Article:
To ask the Secretary of State for Health and Social Care, further to his oral statement of 1 July 2019 on the Implementation of the NHS Long-Term Plan, how the training and recruitment of (a) 400 more clinical endoscopists and (b) 300 more reporting radiographers will be funded.
A
Answered by: Seema Kennedy
Answered on: 16 July 2019

No overall assessment has been made.

Health Education England’s (HEE) statutory responsibility is to ensure that an effective education and training system is in place for the National Health Service, which includes funding the training of pre and post registered professions based on current and future needs of patients. Funding for training and recruitment of endoscopists and radiographers will come out of the HEE yearly core funding.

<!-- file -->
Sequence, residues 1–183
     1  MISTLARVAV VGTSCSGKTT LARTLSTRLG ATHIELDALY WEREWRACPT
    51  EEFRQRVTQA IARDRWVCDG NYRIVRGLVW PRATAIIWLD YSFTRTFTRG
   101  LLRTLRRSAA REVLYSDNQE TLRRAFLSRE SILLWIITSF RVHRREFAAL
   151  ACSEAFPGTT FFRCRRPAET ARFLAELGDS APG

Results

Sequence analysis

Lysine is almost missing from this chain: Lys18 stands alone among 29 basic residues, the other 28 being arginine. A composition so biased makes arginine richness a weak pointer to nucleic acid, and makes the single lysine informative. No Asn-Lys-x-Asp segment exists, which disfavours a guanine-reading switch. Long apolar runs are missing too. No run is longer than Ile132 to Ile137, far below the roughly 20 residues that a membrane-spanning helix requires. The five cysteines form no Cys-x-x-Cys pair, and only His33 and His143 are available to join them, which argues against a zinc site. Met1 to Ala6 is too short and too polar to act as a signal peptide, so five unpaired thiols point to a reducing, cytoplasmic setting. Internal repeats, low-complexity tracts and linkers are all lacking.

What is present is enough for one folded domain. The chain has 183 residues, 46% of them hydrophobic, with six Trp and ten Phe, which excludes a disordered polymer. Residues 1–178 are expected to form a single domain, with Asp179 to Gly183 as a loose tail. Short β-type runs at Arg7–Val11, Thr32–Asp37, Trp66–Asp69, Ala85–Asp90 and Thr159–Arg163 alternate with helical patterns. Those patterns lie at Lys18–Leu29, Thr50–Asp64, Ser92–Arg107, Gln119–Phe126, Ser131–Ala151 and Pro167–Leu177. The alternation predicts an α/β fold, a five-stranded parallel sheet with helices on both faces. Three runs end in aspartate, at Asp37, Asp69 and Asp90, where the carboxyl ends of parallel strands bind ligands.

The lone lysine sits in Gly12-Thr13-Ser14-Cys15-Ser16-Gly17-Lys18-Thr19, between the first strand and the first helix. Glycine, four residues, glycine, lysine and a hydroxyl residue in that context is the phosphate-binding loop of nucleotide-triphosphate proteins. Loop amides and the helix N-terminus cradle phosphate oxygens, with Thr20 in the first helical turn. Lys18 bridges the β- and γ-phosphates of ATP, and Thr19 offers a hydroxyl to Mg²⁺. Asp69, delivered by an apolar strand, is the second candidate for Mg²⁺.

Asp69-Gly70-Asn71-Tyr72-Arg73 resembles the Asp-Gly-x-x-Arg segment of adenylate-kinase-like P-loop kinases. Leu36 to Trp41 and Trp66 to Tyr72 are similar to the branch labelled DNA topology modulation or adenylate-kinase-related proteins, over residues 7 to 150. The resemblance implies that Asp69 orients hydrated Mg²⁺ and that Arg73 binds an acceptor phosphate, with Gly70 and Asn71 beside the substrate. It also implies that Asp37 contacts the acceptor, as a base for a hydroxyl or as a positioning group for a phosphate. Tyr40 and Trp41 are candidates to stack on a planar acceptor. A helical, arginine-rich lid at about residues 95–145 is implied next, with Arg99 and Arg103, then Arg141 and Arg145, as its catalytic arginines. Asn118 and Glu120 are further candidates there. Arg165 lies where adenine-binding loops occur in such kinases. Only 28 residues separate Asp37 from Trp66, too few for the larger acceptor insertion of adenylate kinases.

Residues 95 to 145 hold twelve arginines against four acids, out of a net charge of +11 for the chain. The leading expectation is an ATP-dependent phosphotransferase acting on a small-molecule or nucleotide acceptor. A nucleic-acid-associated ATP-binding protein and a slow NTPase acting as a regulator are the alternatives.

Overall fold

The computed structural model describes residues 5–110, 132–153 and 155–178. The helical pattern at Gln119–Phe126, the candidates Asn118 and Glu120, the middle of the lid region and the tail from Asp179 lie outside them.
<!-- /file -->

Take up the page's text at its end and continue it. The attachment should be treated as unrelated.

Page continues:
Grouped Questions: 275166
Q
(Wantage)
Asked on: 12 June 2019
Department of Health and Social Care
Care Homes: Fees and Charges
Commons
To ask the Secretary of State for Health and Social Care, whether the Government plans to increase the Minimum Income Guarantee.
A
Answered by: Caroline Dinenage
Answered on: 20 June 2019

The financial allowances including the minimum income guarantee rates are reviewed annually.

Social care funding for future years will be settled in the spending review, where the overall approach to funding local government will be considered in the round.

Q
(Wantage)
[R]
Close

Registered Interest

Indicates that a relevant interest has been declared.

Asked on: 10 June 2019
Department for Digital, Culture, Media and Sport
ScreenSkills
Commons
To ask the Secretary of State for Digital, Culture, Media and Sport, what assessment he has made of the effectiveness of the ScreenSkills campaign entitled, Find your future in film and TV.
A
Answered by: Margot James
Answered on: 17 June 2019